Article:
Federal regulators need to build a better mousetrap to ensure “healthy” bank mergers are approved while “unhealthy” mergers are rejected, an official with the Office of the Comptroller of the Currency said today during an agency symposium. about the topic. OCC Lead Counsel Ben McDonough—delivery of prepared comments on behalf of Acting Comptroller Michael Hsu, who was unable to attend — reiterated the agency leadership’s belief that the framework for analyzing bank mergers needs an update. Multiple banking industry and policy experts spent the day sharing their research and opinions on mergers.
“There is a robust ongoing debate about the effects of bank mergers on competition, on American communities and on financial stability,” McDonough said. “At the same time, many experts have raised questions about the continued adequacy of current bank merger standards at a time of intense technological and societal change.”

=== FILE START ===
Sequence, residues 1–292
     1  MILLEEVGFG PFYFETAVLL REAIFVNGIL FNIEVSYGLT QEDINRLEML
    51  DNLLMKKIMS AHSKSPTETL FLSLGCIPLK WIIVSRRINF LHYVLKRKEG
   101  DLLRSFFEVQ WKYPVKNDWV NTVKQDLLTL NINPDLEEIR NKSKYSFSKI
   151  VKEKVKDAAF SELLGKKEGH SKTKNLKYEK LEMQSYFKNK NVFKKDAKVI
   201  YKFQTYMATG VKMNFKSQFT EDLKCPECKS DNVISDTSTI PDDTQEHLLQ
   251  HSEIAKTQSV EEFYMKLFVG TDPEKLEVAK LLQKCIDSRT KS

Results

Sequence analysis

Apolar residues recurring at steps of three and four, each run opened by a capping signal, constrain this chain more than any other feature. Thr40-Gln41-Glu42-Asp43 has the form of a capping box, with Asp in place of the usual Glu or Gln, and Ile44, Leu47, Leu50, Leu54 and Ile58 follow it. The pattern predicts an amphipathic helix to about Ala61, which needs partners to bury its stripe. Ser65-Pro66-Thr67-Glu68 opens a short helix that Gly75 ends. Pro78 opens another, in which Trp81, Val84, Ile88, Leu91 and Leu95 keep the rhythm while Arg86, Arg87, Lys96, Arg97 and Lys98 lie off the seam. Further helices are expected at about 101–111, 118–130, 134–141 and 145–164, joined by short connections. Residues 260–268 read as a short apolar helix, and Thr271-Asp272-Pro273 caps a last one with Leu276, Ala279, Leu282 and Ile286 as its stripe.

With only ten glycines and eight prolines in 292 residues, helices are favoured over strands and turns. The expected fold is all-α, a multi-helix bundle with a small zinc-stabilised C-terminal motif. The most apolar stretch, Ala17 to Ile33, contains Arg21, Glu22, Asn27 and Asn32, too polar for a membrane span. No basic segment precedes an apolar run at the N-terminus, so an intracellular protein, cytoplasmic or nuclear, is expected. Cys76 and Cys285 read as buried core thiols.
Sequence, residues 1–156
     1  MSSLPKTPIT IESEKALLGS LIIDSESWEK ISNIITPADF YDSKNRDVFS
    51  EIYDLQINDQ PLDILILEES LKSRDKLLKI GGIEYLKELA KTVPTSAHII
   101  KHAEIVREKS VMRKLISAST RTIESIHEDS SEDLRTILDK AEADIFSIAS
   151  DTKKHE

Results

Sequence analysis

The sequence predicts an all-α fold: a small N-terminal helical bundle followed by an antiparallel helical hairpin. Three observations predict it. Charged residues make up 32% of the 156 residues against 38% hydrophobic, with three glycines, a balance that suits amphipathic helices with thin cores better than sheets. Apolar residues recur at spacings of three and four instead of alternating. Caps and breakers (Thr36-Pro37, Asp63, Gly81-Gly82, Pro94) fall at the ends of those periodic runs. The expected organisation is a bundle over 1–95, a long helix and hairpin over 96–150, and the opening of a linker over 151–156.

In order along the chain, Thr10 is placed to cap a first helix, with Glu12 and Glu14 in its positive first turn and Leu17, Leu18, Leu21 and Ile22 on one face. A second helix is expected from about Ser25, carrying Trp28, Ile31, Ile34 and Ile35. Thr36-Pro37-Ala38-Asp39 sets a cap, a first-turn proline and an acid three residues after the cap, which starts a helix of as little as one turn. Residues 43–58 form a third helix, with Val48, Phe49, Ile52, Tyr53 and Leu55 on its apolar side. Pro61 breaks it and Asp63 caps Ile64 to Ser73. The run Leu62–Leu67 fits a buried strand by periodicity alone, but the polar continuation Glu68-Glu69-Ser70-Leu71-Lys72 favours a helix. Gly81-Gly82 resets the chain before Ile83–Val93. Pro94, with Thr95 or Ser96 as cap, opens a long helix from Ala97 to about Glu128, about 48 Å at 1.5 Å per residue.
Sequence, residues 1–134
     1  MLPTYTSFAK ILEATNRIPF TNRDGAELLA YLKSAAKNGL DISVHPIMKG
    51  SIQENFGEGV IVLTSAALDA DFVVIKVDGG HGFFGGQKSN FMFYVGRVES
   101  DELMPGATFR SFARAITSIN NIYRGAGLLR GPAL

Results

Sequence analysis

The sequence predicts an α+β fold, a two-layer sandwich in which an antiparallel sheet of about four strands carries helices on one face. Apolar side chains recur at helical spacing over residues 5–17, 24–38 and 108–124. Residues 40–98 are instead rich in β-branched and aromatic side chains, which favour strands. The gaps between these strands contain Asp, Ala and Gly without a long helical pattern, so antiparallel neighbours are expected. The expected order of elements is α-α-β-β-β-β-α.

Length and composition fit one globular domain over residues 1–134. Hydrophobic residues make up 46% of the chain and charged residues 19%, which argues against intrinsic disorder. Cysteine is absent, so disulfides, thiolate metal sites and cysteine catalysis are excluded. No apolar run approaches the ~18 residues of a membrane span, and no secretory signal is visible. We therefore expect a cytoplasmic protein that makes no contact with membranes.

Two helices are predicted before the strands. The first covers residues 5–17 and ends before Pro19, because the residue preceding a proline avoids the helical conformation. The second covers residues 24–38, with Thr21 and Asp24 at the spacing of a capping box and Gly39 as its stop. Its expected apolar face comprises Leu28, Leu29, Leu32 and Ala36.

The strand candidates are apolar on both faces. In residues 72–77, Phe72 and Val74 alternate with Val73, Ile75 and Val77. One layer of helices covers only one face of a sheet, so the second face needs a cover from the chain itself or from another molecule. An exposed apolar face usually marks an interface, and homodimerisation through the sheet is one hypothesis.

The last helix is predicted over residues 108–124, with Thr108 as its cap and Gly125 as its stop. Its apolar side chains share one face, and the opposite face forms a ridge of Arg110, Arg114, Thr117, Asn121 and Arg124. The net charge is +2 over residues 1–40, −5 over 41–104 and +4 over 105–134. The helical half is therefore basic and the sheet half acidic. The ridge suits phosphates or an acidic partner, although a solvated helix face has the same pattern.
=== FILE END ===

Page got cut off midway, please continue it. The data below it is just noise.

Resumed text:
McDonough added that without regulatory reform, “there is a greater risk of approving mergers that lessen competition, harm communities, or present systemic risks. Similarly, a moratorium on mergers would lock down the status quo and inhibit growth and improvements that could help communities and increase competition.” He did not provide any examples of regulatory reforms the OCC would pursue, saying the symposium was meant to advance the discussion. “In our experience, sometimes it takes in-person brainstorming to galvanize us into action,” he said.
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